But Kayla never let her anxiety stop her. She knew about our school's Musical Theater program and made sure that she was involved with it. Did I mention that she was the only student in my class that got involved with it? I'm very certain that she knew every word to the songs and that every night she practiced those songs until she could sing them perfectly. And on the day of the performance Kayla was up on stage with the rest of the choir. And she sang! (We'll no voice may have been heard but she moved her lips to the music which is HUGE for her).
Kayla reminded me that I must never under estimate the desire of a child. That even if there are obstacles along the way to achieving goals, goals can still be achieved. Kayla had the strength to persevere and step out of her comfort level to get what she wanted. She wanted to be on that stage singing her heart out, and she did.
Never let a "label" define a child. Let the child define who they are. My class this year, and particularly Kayla, reminded me of that over and over again. I'm glad I listened.
What a profound lesson to learn! Aren't we lucky to have such students in our lives, Karen? Way to go, Kayla!ReplyDelete
For certain. Kayla was a little rock star, as were all of my students. Although there are a lot of challenges at the grade one (heading to grade two) level at my school, those challenges didn't ever stop them from being the best that they could be. It has been a long time since I've had such a keen, hard working, motivated class despite so many challenges.Delete
I have never been presented with a child who chose to not speak. I've had my share of autistic and deaf children my first 7 of 17 years, but a choice? I don't know how I'd be as a teacher in that situation. It sounds like you and Kayla had a good relationship and understanding, and that's most of the battle, eh? I love the fact that she had multiple avenues to share her thoughts - I wish people hesitant to have tech or social media in their classrooms could read this post. Thank you for your reflection - one from which we can all learn!ReplyDelete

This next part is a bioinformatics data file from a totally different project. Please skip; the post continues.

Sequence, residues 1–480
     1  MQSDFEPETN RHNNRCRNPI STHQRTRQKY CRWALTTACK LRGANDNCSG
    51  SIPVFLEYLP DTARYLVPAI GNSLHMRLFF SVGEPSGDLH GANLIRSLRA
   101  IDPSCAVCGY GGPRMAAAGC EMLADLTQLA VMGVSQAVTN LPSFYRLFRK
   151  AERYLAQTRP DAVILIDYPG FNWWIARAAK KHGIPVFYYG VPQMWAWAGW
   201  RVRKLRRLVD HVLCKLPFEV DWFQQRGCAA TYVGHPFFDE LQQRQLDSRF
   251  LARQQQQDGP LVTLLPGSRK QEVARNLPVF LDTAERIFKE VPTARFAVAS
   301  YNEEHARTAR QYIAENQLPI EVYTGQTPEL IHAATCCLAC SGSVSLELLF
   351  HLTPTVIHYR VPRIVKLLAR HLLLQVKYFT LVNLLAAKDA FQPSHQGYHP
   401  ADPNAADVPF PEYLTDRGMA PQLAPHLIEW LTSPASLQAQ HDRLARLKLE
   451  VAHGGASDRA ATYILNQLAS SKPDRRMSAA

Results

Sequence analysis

Thanks for your comment Joy. The thing with a selective mute is that you can not, in any way, draw extra attention to them. I don't think it's a choice for her either, it an anxiety disorder. But you can just see inside her eyes that she desperately wants to speak at school. We have another student at our school who in grade 4 started to talk one on one with specific chosen students. This year in grade five he started to talk fully. Now he can't stop! So there is a lot of hope for me students. I have full faith that "Kayla" will get there too and I hope that she will continue to blog, even if her grade two teachers doesn't go the blogging route. But trust me I will do what ever I can to support the teacher if she wants to get her students blogging. KDelete
There's always "that one" that teaches us the incredible lessons we get to learn each day! Thanks for sharing this wonderful reflection Karen!! Kayla and all the kids out there are very lucky to have you as their teacher!ReplyDelete
There is always more than one I find. Each one teaches something different. I chose, this time around, to focus on Kayla but in all reality I learned something special from each and everyone of them. Heck I've learned something special from every student I've taught the past 20 years. That's what makes are job so amazing. :-) Loving my connection with Kinderchat and they have been so welcoming to me. :-)Delete
What an amazing reflection. Thanks for sharing with us your story of Kayla.ReplyDelete
Thanks Meg. I had quite a year with a really wonderful children in my class. I still love that my selective mute joined the school's musical theatre choir and she was the ONLY ONE in my class that did. I love that.ReplyDelete